Indeed, regardless of how the discussion is framed, this power struggle between administrators and educators remains a constant and relevant force. Still, some research comes to support this idea that tenure helps to promote inequality across certain lines. For instance, Evans et al. (2008) remark on the gender and race lines that permeate the educational hierarchy. According to Evans et al., "sixteen percent of faculty in undergraduate and graduate pro- grams are of ethnic minority decent. African-American men make up 2.6% and African-American women make up 2.7% of all faculty (U.S. Department of Education, 2003). These startlingly low percentages are mirrored in most psychology departments where women and ethnic minorities continue to earn less than men on average and are still underrepresented in most academic departments (APA, 2000b; Wicherski & Kohout, 1996)." (p. 50).
This suggests that to an extent which has little to do with administrative power, tenure has been used to advance and protect educators who identify with the hegemonic order of higher education while diminishing opportunities for those in the minority. The text by Williams & Williams (2006) points out that many African-Americans who do rise to the status of part or full-time professors tend to experience a sense of cultural isolation within the profession. (p. 288) And according to the text by Modica & Mamiseishvili (2010), while some changes have occurred which have increased the population of African-Americans in graduate educational programs, their numbers still remain highly disproportionate from their white counterparts. This alone seems a sufficient cause for some measure of intervention. However, there is little evidence that post-tenure review in its current form is the type of intervention which is called for. According to Montell (2002), "post-tenure review has not translated into significant firings of either lazy professors or controversial ones. But this extra layer of evaluation continues to split academics. Some credit it with single-handedly saving tenure; others suggest that it has quietly watered down faculty authority, eroded tenure, and encouraged scholars to focus on quantity over quality." (p. 1)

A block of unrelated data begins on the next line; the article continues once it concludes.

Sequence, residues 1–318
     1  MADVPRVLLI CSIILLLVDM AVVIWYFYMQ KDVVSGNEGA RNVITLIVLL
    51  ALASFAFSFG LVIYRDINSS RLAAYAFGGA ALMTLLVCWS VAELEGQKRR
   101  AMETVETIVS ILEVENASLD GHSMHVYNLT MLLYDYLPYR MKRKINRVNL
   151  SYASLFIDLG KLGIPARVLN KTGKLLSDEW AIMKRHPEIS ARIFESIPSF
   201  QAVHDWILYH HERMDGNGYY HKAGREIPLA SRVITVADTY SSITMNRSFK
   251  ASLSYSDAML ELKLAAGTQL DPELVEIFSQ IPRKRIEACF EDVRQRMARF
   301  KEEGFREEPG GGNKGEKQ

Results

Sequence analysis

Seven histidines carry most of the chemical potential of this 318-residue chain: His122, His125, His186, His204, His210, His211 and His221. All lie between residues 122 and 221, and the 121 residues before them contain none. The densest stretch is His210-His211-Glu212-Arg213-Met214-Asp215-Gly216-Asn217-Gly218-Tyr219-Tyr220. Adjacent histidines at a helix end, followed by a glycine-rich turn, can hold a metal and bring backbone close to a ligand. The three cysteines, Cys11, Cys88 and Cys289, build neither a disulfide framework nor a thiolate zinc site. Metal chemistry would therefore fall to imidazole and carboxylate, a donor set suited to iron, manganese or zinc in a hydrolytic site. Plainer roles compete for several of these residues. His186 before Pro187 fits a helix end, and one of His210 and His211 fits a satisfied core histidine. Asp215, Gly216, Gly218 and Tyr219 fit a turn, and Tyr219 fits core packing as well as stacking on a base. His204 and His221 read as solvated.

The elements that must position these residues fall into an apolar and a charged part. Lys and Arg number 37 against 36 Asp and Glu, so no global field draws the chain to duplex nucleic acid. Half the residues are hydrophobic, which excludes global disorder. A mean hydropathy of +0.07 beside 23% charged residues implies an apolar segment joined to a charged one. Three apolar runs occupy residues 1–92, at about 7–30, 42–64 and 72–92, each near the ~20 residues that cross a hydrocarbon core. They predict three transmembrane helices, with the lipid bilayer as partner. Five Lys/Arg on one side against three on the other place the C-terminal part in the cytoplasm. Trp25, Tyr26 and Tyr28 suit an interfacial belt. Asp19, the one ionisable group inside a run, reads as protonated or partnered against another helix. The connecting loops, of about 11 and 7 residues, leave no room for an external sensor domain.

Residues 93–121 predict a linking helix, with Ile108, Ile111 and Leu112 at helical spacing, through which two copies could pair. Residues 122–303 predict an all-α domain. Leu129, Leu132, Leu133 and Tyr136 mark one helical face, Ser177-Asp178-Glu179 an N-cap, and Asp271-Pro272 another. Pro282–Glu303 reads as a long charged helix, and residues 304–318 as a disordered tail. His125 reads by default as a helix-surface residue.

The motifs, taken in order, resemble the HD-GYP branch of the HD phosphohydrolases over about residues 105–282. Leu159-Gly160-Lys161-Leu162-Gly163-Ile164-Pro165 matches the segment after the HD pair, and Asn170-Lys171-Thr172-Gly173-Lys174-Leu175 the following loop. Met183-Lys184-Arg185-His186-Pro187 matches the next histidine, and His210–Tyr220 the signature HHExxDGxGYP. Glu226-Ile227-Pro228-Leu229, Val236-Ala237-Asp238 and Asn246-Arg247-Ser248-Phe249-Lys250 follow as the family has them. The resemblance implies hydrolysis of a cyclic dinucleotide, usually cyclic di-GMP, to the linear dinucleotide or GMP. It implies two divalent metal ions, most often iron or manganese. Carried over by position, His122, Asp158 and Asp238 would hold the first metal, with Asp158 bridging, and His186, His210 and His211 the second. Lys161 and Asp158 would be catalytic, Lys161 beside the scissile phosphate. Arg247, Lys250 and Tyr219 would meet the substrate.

Ultimately though, this back and forth still leaves us with a firm sense of the importance of tenure as an institution improving the output quality and organizational culture of a university. The eventual findings in the research by English et al. (2009), for instance, show that beyond a reasonable doubt, tenure is connected to certain positive institutional realities. According to its surveys, the article by English et al. finds that "although the findings of earlier studies investigating the relationship between tenure and affective commitment have been contradictory (see Gellatly, 1995; Rhoades and Eisenberger, 2001; Lok and Crawford, 2001), the present research showed employees with more than nine years' tenure had higher levels of affective commitment than those with less than one year's tenure, suggesting that affective commitment strengthens with tenure." (p. 403).
This helps to feed an overarching assumption of the present research endeavor, which is that tenure must at least to an extent be protected as efforts proceed to give it administrative oversight and regulatory control. In proceeding forward from this discussion, compromise will be a strong recommendation.
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